Myths/Facts on Condom and Contraceptive

There are many myths/beliefs attached to using condom/contraceptives which has given rise to excuses among people. Condom and contraceptive usage is one of the ways of having safe sex.

These are some of the myths on condoms and contraceptives


Myth 1: Condoms are a challenge to use

Fact: Everything appears to be difficult or challenging if you will be doing them for the first time. But with proper practice or regular use, eventually you will get a hang of it. Condoms on the other hand are not difficult to use! If you follow the best practices or the proper instructions on the use of one, then you will and can never go wrong. Also, these are taught in sex education classes. As a matter of fact, the students are taught and instructed to practice on wooden models. Remember that this is for your health and that of your partner’s so it is important to know what you should do. Practice makes perfect!

Myth 2: Condoms are just for men

Fact: Although condoms were initially produced for the use of sexually active men, and most stores carry condoms for guys; women can now enjoy the benefits of wearing one. These are available at stores.  The female condoms are worn, also only during intercourse.

Myth 3: It’s safer if you use two condoms.

Fact: No it isn’t. Using two condoms at once is a really bad idea, whether it’s two male condoms or a male and female condom. It increases the chances of them ripping. Only use one at a time.

Myth 4Condoms break easily.

Fact:  No they don’t. To avoid a condom breaking, you need to put it on carefully, ensuring there’s no air bubble at the end. Be careful of sharp nails, jewellery or teeth. If the condom won’t roll down, it’s the wrong way round. Throw this condom away and start again with a new one as there could be semen on the tip of the previous condom.

If a condom breaks and you’re not using any other contraception, go to a clinic, pharmacist or doctor as soon as possible and ask about emergency contraception. You’ll also need to get tested for sexually transmitted infections (STIs).

Myth 5: If I ask to use a condom, my partner will think less of me.

Fact: Insisting that your partner use a condom suggests that you know how to take care of yourself and shows that you know what you want.

Myth 6: I don’t need a condom – I only sleep with nice and decent people.

Fact: STIs don’t know or care if you’re nice/decent or not. The way someone looks is no indicator of whether they have an STI. Many STIs don’t show any symptoms, so you could infect each other without even knowing it. Also, HIV/AIDS doesn’t know if someone is decent

Myth 7: You don’t need to use a contraceptive, if he pulls out before ejaculation

Fact: No matter how quick and efficient he is in bed, ‘withdrawal’ is definitely not a reliable method, if you want to prevent pregnancy. The fluid secreted by a man for lubrication before ejaculation, also contain sperms. So even if he ejaculates near the vagina, there’s a chance it can lead to pregnancy. If you are planning on using this method over an extended period of time, you should know that it isn’t 100 per cent safe.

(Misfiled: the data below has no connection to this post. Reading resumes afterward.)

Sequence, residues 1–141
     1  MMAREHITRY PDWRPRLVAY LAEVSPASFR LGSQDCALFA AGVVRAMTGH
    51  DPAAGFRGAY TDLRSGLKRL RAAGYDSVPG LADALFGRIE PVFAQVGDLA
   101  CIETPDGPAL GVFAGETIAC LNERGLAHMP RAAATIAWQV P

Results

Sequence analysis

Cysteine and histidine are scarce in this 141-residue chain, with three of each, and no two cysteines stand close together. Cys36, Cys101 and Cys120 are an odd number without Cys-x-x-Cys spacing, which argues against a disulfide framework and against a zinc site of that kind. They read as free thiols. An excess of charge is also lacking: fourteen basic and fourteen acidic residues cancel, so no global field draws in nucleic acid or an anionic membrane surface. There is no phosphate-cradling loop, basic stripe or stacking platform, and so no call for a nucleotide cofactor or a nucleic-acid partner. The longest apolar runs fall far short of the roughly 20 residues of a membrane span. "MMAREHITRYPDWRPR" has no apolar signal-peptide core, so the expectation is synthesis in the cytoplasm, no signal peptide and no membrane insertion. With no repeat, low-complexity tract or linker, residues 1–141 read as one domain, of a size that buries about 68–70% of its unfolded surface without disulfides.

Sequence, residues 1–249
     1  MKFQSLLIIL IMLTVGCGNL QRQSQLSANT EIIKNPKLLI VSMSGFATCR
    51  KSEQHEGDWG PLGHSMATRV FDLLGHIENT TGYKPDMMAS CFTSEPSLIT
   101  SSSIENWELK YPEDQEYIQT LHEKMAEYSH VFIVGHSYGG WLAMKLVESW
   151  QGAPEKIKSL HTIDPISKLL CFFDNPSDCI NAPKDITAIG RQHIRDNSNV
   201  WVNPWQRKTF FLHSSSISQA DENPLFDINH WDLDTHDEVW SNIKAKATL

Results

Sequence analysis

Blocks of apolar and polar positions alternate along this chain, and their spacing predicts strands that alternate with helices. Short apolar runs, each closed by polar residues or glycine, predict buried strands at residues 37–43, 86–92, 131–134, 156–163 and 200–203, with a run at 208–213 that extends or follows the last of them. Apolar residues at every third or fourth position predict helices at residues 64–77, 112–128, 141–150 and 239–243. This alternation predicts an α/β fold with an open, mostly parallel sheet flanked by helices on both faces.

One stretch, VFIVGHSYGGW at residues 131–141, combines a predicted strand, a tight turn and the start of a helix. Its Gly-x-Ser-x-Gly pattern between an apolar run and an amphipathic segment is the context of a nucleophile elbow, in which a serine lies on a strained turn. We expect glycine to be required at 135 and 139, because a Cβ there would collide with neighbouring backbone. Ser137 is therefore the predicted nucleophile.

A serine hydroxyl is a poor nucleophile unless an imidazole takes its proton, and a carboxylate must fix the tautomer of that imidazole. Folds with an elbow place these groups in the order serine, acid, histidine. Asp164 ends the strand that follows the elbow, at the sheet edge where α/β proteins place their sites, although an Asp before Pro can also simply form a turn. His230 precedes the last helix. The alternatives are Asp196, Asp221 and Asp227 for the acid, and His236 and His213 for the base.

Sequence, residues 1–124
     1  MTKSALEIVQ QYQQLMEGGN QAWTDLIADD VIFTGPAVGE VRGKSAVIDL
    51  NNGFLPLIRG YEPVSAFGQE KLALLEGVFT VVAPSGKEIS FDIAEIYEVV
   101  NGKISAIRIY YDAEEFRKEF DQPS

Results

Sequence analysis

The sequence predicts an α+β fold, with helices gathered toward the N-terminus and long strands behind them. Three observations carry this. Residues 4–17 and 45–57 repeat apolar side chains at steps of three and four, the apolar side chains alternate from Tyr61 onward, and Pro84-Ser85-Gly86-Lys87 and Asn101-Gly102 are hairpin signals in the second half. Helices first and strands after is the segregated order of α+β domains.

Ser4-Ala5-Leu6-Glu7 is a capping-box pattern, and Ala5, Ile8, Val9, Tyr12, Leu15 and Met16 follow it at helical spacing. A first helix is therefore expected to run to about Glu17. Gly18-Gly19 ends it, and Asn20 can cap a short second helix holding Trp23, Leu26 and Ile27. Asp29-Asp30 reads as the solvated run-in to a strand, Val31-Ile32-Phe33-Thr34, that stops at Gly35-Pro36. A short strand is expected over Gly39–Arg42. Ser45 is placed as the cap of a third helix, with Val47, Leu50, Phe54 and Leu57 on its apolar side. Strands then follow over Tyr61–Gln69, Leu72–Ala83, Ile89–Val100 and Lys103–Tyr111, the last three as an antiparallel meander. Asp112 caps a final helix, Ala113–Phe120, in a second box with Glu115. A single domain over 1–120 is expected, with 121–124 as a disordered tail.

Myth 8: I don’t need contraception because we only have sex during the “safe” time. You’re only fertile one day a month.

Facts: Myths such as these most likely arise from a lack of understanding of the menstrual cycle. There are four major hormones (chemicals that stimulate or regulate the activity of cells or organs) involved in the menstrual cycle: follicle-stimulating hormone (FSH), luteinizing hormone (LH), estrogen, and progesterone. A delicate balance of these hormones regulates ovulation, and if the egg is not fertilized, menstruation occurs. While a woman’s cycle is more or less regular at most times, this balance of hormones can be disrupted by various factors, including age, weight, stress, medications, and others. Therefore, pinpointing the time of ovulation and predicting any “safe” days can be difficult. Couples who have success with the rhythm method of contraception must carefully monitor the women’s menstrual cycles and evaluate symptoms of ovulation, as well as any external factors.

Myth 9: The Emergency Contraception (EC) pill is the same thing as an abortion pill.

Fact: EC is NOT an abortion pill. The purpose of EC  is to stop a pregnancy before it starts. It can be taken up to 5 days after unprotected sex. If a woman is already pregnant when she takes EC, her pregnancy will not end.

Myth 10: The pill ups your cancer risks.

Fact: Actually, the risk of endometrial and ovarian cancers goes down the longer you’re on the pill. After one year, endometrial-cancer risk decreases by 50 percent, and after just three to six months, ovarian-cancer risk decreases by 40 percent. After 10 years, the risks are 80 percent lower than normal. “The longer you keep the endometrium thin and the ovaries inactive, you are reducing the chance of the inappropriate cell division that characterizes cancer,” says Katharine O’Connell, M.D., assistant clinical professor of OB-GYN at Columbia University. The pill may also lower the risk of colon cancer.


Will a condom protect me from sexually transmitted diseases (STDs)?

A condom will protect you from some STDs, but not all of them. There are some STDs that can be transmitted by skin–to-skin contact, like genital warts, HPV and genital herpes and a condom will not provide 100% protection against these.


References: Myth Facts, on condom , Contraceptives

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